Step 5: Last, teachers will need to decide how this activity will be assessed.
- Will it just be a participation grade?
- Will students need to complete a journal of their experiences?
- Will there be a rubric created for students completing a read aloud?
Read Aloud for Middle to High School Students
These activities are not for elementary students only; middle school and high school students can benefit from it as well.
Beth Hurst, Kathleen B. Scales, Elizabeth Frecks, Kayla Lewis in the article "Sign Up for Reading: Students Read Aloud to the Class" in The Reading Teacher magazine suggest that giving students the opportunity for daily reading aloud activities gives them practice, which improves their reading. They suggest having a reading list of students so that a different student reads each day in class.
Suggestions for the read alouds in class:
- At the beginning of the year, teachers need to model how to do the read aloud. This includes showing students how to select material, how they will be assessed, how much time the students should read, and how the class should act as an audience.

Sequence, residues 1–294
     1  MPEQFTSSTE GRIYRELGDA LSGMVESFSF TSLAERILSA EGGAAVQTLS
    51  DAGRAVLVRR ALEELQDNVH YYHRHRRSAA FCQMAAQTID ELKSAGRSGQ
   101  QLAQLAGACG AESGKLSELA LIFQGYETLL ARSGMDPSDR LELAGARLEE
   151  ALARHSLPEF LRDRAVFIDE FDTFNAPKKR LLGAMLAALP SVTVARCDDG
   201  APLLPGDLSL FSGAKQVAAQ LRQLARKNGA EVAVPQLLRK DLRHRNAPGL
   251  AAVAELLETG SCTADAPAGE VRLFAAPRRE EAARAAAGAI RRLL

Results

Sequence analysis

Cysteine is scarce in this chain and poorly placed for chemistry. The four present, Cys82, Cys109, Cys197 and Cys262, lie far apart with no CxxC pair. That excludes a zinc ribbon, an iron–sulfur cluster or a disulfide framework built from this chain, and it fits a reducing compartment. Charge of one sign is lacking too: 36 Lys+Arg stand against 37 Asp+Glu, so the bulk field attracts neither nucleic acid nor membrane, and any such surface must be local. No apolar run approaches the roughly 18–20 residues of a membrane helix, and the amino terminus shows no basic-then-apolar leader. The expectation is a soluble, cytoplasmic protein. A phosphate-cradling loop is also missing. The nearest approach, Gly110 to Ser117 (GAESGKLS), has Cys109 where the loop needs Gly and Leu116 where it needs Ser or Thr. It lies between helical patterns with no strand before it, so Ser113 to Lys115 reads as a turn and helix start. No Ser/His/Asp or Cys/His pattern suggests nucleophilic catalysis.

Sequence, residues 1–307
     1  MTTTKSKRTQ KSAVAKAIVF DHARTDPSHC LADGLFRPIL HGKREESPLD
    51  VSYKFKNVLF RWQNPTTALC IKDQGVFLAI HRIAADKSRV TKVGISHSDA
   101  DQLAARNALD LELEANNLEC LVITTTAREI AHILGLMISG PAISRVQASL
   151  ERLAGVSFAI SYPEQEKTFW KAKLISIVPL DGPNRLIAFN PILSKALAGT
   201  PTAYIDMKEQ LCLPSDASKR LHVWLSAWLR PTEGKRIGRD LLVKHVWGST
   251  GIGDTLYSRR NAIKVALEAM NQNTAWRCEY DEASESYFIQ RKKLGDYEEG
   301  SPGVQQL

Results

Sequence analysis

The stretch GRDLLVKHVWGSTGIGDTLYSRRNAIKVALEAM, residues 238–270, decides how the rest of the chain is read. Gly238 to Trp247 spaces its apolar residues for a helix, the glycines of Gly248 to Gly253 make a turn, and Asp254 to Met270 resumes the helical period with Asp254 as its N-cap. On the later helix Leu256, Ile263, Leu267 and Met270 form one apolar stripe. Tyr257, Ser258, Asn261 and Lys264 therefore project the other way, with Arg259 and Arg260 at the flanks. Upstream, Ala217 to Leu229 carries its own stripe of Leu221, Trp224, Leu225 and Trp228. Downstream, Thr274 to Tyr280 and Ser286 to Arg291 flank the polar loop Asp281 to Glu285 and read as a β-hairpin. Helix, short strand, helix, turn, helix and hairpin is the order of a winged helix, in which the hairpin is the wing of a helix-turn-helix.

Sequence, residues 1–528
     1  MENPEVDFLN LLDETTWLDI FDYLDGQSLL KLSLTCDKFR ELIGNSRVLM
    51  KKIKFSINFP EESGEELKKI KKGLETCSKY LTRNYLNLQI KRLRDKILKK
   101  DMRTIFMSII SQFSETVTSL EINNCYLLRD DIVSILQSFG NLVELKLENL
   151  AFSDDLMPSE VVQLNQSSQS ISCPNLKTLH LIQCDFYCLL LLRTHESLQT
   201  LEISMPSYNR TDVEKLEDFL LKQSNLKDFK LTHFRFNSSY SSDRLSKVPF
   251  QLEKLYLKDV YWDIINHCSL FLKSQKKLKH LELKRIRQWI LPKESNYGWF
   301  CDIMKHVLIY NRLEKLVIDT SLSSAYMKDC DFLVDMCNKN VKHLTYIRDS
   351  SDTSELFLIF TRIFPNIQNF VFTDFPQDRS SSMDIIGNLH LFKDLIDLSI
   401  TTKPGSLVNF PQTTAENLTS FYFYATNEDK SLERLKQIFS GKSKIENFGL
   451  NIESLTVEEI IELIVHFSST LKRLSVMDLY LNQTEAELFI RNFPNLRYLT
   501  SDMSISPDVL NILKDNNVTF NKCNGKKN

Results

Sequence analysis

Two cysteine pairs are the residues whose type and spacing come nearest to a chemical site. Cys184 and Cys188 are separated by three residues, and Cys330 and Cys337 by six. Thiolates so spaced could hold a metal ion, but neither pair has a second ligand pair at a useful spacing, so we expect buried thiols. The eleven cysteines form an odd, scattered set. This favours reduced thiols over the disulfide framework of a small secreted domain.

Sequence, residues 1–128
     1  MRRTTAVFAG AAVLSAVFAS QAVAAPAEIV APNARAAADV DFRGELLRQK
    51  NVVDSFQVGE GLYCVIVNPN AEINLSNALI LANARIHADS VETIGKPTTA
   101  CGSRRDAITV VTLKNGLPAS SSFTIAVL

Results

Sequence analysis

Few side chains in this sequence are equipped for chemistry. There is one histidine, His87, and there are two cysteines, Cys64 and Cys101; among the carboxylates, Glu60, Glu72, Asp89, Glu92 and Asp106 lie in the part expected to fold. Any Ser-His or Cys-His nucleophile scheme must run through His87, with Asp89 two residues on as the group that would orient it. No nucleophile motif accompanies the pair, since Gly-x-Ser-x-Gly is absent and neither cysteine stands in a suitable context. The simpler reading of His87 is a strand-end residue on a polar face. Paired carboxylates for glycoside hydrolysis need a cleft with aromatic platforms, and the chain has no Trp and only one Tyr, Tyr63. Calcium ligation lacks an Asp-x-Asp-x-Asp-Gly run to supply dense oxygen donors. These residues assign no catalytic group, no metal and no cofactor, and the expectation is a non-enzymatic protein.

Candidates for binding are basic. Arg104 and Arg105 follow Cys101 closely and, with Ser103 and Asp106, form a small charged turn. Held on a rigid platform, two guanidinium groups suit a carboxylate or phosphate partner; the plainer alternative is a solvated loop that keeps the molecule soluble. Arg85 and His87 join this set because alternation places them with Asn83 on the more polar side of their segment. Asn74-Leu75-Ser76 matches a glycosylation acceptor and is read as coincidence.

- Teachers also discuss delivery, which includes volume, tone, and voice.
- Students select a book or magazine to real aloud to the class. They know in advance which day they will read in class.
- Students are encouraged to explain the reason for the reading selection, which allows the class to become more interested in the reading.
The authors of this activity have noticed that when students read aloud that a whole class or small group discussion will ensue, which encourages additional reading. It cultivates a classroom where literacy is a focus. In addition, students feel like they have ownership in the classroom activities.
Read aloud lessons in a classroom can improve reading skills such as comprehension, fluency, character development, learning new vocabulary, understanding story elements, the author's purpose and so forth in preschoolers to high school students, and there is research to prove it.